Cordyline terminalis 

(core-dee-line' ter-mi-nall' iss)

Common name: Hawaiian Ti, Ti Tree, Good Luck Tree

Family: Agavaceae, Agave

Height x width: 3-6' x 3-8' (to 15' if ideal, outdoors)

Foliage: generally strap-shaped, deep green or variegated in cultivars, from erect, suckering and unbranched stems

Flowers: insignificant or seldom seen indoors, white to purple in loose panicles

Light: bright

Temperature: warm

Watering: evenly moist

Fertility: high

Humidity: humid

Soil: well-drained, average

Pests and Problems: leaf spots, bacterial soft rot, root rots, mealybugs, scales, spider mites; brown leaf margins indicate dry air or fluoride excess, leaf spots from wet foliage

Growth habit, uses: colorful foliage indoors

Other interest: listed by some references as fruticosa; native to Southeast Asia, Australia, New Zealand and larger Pacific Islands as Hawaii; native peoples use the species for fiber and food (roots); from the Greek kordyle meaning club, refering to the thickened root; common name is usually pronounced as in "tie", although as in "tea" is supposedly correct; often confused with Dracaena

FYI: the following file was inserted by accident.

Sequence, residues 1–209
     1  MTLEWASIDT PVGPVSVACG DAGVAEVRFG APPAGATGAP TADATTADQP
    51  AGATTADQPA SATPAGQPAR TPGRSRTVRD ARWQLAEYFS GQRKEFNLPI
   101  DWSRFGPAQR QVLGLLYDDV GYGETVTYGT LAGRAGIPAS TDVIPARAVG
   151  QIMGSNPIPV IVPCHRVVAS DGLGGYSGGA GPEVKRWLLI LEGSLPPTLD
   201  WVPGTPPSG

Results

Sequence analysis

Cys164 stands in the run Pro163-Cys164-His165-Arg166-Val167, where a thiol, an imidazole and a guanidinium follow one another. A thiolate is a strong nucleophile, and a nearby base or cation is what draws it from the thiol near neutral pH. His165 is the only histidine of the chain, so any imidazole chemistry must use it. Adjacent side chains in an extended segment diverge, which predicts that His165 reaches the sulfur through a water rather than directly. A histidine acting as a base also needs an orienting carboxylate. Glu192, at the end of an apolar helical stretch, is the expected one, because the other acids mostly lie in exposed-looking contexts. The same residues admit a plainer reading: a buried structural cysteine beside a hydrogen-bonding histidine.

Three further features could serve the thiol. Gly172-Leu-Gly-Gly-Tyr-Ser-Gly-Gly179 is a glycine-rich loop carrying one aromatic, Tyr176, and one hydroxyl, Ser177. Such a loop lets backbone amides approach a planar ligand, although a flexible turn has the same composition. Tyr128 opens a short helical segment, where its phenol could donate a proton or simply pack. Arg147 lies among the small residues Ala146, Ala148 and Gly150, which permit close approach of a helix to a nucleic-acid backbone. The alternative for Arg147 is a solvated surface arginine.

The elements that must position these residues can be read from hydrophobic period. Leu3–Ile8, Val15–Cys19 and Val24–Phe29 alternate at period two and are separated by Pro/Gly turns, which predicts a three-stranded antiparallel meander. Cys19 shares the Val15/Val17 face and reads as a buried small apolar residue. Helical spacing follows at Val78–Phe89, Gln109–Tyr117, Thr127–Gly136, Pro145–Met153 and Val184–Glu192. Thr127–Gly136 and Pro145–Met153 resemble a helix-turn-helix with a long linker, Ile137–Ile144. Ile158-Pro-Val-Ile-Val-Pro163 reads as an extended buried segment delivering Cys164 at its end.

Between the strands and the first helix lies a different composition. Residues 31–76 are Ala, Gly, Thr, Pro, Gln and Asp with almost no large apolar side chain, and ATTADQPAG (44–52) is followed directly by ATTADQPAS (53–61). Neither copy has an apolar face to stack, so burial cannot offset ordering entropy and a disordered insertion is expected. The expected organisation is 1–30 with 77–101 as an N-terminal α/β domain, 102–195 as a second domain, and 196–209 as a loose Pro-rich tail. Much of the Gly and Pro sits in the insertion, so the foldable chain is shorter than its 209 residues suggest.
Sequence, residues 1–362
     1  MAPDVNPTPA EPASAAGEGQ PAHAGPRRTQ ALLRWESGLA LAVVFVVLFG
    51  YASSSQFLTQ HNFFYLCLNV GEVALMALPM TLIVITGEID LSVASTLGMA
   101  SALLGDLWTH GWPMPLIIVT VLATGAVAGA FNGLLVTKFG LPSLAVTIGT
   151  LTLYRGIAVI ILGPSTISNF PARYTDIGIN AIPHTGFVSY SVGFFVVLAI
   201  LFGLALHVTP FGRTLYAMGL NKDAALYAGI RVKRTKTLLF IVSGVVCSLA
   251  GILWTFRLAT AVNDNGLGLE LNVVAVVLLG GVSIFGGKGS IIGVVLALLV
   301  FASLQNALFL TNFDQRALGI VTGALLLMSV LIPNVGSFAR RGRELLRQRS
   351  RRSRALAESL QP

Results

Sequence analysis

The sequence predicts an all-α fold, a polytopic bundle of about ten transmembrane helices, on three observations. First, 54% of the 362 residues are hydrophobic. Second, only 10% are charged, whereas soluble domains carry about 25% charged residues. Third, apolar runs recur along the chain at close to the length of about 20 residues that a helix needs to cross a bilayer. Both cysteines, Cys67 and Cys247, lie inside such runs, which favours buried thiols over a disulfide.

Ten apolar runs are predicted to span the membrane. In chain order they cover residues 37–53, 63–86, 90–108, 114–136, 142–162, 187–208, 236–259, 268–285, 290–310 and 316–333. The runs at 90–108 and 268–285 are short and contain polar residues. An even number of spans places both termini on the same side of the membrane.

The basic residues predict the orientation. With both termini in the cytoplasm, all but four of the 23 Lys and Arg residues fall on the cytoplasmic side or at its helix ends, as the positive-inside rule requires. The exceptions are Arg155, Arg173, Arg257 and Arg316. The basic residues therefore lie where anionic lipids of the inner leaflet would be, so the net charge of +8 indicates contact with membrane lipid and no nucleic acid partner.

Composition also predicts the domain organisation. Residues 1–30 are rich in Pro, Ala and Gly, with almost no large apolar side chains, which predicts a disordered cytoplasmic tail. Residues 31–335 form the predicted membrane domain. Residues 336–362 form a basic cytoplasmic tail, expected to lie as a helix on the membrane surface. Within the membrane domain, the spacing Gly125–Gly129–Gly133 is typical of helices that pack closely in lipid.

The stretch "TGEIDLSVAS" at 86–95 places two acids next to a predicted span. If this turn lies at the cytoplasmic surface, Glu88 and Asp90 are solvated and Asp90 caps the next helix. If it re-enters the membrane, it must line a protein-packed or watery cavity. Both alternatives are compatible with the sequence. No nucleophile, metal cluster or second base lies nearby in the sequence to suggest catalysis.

Other culture: lower leaves drop as plant grows, requiring air layering or similar to renew and keep lower; does not tolerate salt spray on foliage

Propagation: stem cuttings, division, air layering, tip cuttings (bottom trunk will regrow), stem section cuttings

Cultivar foliage
'Amabilis' bronze and red, flecks of white and pink when mature
'Baby Ti' margins copper-red
'Baptistii' broad, strongly recurved, streaked yellow and pink
'Firebrand' compact heads, flushed deep red-purple
'Guilfoylei' tapered, recurved, streaked red, pink and white
'Hawaiian Bonsai' compact, dark crimson
'Kiwi' creamy, green striped, red edges
'Margaret Storey' compact, copper flushed, splashed red and pink
'Mayi' red turning deep green with red margins
'Negri' deep copper-maroon
'Red Dracaena':'Firebrand'  
'Red Sister' plum and deep burgundy
'Tricolor' broad, irregular streaks of red, pink and cream, most popular

©Authored by Dr. Leonard Perry, Professor, University of Vermont as part of PSS121, Indoor Plants.

Return to  Perry's Perennial Pages | PSS121 course